One of the statistics I recall, I think from Jack Markell's healthcare plan but it could have been elsewhere, is that roughly 27,000 Delaware citizens are not signed up for the Medicaid benefits to which they are entitled.
I don't know about you, but when I heard that it brought up visions of poor people suffering and not going to the doctor because they didn't know they actually qualified for state-sponsored health insurance. And I believe (but it's Saturday night and I'm way too tired to go check) that both the Markell and Carney health plans involve, as one element, making it easier to find these people and sign them up.
But I no longer think that's necessarily the case.
Keeping in mind that I understand it is usually dangerous to reason from the specific to the general, I want to tell you a story.
My eldest daughter is 26, unmarried, with a five-year-old son and one of those "full-time/part-time" jobs at a local assisted-care facility (which means they carefully keep her hours at just a tad under that which would require them to offer her benefits).
She's too old to cover on my health plan, so she and my grandson have Medicait (specifically, Delaware Physicians Care).
Every three months DE Medicaid sends out to my daughter (among a voluminous number of other pieces of useless correspondence) a notice that her status is to be reviewed. There is a page of questions to be answered about your job, your address, etc. The page is sent essentially without explanation, and--trust me--it is very difficult for a person with limited reading skills to decipher. Only in the fine print does it tell you that if you don't return this form within two weeks you lose your insurance.
If you don't return this form (or, if you return it and they lose it), you get one--count 'em--one notice that your insurance has been canceled, and an explanation of an appeals process that is more complicated to follow than Einstein's Theory of Special Relativity.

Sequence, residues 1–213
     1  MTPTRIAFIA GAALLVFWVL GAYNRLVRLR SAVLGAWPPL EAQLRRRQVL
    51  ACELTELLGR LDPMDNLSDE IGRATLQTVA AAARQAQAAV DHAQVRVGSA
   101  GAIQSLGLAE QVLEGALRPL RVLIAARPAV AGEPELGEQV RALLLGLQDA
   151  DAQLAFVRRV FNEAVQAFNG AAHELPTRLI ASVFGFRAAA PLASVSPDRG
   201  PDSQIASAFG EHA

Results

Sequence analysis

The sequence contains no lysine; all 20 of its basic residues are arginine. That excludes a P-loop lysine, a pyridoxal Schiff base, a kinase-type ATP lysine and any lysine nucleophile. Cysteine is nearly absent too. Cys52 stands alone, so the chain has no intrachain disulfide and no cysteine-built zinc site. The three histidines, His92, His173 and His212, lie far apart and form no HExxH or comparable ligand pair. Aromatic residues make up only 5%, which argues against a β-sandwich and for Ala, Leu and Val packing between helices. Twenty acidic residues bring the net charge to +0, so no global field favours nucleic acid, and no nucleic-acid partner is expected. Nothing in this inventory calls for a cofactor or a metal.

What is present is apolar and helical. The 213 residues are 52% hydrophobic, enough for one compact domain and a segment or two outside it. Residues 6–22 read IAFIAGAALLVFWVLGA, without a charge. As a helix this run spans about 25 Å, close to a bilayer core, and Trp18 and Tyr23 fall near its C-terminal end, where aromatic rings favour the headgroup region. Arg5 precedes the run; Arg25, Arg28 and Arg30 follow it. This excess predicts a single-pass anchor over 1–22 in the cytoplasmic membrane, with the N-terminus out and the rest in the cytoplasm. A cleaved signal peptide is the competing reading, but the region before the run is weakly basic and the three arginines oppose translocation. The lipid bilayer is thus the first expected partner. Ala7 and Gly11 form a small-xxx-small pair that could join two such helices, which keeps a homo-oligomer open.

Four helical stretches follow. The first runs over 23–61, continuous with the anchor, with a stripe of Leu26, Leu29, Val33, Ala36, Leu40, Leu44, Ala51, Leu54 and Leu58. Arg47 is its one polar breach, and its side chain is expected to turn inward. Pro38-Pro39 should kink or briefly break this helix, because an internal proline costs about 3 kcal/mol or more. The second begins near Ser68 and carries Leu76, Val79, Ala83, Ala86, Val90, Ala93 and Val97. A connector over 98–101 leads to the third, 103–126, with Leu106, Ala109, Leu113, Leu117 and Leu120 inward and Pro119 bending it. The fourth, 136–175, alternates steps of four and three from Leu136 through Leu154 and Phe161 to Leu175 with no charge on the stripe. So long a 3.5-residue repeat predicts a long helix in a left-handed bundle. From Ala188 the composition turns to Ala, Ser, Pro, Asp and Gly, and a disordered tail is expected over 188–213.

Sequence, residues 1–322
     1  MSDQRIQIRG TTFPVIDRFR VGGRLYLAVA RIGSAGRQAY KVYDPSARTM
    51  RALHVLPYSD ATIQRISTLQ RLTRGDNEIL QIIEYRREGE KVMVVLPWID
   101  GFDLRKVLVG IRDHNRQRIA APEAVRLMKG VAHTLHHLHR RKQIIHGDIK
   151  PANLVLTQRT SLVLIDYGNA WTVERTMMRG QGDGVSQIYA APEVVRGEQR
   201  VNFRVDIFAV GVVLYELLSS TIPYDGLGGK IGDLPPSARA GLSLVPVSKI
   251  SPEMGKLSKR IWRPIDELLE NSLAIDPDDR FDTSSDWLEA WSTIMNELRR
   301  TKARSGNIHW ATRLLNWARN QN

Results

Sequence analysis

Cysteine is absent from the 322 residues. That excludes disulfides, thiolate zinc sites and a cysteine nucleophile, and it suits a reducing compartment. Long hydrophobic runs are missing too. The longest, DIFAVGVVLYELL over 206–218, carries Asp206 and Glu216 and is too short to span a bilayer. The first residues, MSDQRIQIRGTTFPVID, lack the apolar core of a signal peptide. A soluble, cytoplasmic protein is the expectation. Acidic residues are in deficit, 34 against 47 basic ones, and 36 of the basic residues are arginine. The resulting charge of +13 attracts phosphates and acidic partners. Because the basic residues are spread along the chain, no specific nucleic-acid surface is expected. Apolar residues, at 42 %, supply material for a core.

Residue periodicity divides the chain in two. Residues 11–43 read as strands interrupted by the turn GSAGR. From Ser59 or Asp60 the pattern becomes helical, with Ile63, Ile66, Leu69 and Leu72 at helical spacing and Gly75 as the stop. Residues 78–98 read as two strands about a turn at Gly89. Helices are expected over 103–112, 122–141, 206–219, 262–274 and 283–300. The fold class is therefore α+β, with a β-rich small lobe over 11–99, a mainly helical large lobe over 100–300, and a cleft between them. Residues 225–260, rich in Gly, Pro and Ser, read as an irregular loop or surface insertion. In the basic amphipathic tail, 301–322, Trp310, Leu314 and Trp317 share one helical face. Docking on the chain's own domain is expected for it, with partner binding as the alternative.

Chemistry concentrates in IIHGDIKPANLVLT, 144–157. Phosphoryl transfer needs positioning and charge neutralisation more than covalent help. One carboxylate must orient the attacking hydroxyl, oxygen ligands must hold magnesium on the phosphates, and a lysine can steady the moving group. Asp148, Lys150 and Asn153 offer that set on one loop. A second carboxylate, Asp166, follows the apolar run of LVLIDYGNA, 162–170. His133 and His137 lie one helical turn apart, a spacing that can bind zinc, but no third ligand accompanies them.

Periodically--let's say twice every three years--my daughter is summoned to appear before a case worker [whom she has never actually seen, given that Medicaid is the only State service she accepts] with her son carried along physically, because she must prove he still exists. The day and time for this is set by the bureaucrats without consultation with the clients--you either show up or they cancel your insurance on the spot. If you have to miss a day of work to verify your insurance, tough shit. This one is also delivered in an unmarked envelope and phrased in language that would have confounded Paul Dirac.
Ok, so we got used to all that. Then last week the bureaucrats running the State's Medicaid system showed us a new trick.
My daughter went in to pick up a refill of her depression medication, only to be told that her health insurance had been canceled, and that would be $248 for the Wellbutrin, please.
She called the current case worked [it required two calls just to find out who her current case worker was]. The case worker told her to call Delaware Physicians Care. DPC was sort of astounded by this, as they told her that the order canceling her insurance had not only come from the case worker's office, but had been signed off by the case worker in question.